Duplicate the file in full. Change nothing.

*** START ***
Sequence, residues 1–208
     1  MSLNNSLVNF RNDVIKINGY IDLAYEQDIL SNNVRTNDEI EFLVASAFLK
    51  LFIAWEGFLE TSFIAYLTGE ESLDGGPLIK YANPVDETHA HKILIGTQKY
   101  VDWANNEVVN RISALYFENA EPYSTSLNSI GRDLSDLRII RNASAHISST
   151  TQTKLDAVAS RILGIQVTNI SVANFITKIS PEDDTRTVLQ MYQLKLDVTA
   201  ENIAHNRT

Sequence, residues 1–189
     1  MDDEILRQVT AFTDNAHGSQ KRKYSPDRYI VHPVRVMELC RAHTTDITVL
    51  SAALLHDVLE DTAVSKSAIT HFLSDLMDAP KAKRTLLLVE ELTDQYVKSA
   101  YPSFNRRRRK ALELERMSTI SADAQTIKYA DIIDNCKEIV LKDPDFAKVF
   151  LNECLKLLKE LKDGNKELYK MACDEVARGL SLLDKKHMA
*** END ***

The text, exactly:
Sequence, residues 1–208
     1  MSLNNSLVNF RNDVIKINGY IDLAYEQDIL SNNVRTNDEI EFLVASAFLK
    51  LFIAWEGFLE TSFIAYLTGE ESLDGGPLIK YANPVDETHA HKILIGTQKY
   101  VDWANNEVVN RISALYFENA EPYSTSLNSI GRDLSDLRII RNASAHISST
   151  TQTKLDAVAS RILGIQVTNI SVANFITKIS PEDDTRTVLQ MYQLKLDVTA
   201  ENIAHNRT

Sequence, residues 1–189
     1  MDDEILRQVT AFTDNAHGSQ KRKYSPDRYI VHPVRVMELC RAHTTDITVL
    51  SAALLHDVLE DTAVSKSAIT HFLSDLMDAP KAKRTLLLVE ELTDQYVKSA
   101  YPSFNRRRRK ALELERMSTI SADAQTIKYA DIIDNCKEIV LKDPDFAKVF
   151  LNECLKLLKE LKDGNKELYK MACDEVARGL SLLDKKHMA